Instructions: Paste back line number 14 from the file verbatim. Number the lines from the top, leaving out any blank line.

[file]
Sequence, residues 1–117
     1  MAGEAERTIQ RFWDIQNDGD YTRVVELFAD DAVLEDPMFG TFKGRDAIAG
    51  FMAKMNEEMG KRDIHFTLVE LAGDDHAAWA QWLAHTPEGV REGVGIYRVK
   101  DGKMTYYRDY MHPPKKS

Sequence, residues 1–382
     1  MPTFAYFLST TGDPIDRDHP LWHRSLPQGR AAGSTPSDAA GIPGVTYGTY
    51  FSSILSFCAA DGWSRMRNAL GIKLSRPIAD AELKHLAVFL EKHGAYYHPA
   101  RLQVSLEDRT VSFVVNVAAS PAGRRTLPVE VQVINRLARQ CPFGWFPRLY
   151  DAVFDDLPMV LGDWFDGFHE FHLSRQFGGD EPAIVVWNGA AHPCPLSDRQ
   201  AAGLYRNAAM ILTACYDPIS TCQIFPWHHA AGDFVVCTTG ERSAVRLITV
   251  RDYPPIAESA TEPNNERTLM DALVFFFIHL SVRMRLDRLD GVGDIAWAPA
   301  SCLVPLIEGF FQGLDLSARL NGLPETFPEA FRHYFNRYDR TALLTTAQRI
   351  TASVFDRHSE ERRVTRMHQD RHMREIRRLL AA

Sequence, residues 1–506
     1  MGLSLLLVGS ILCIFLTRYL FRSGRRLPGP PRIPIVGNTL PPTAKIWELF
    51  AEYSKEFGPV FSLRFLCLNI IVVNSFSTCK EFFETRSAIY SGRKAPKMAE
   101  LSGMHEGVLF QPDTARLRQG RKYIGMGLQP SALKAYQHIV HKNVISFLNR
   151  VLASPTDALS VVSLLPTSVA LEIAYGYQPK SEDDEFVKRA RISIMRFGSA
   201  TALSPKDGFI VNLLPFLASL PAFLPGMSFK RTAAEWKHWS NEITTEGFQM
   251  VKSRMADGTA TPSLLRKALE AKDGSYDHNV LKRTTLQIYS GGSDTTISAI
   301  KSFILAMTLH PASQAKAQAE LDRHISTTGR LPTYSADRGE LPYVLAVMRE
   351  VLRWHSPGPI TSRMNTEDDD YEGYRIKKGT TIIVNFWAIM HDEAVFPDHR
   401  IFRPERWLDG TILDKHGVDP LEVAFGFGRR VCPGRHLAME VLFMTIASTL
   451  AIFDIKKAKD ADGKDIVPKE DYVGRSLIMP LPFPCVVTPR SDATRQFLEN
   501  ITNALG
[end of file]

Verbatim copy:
Sequence, residues 1–506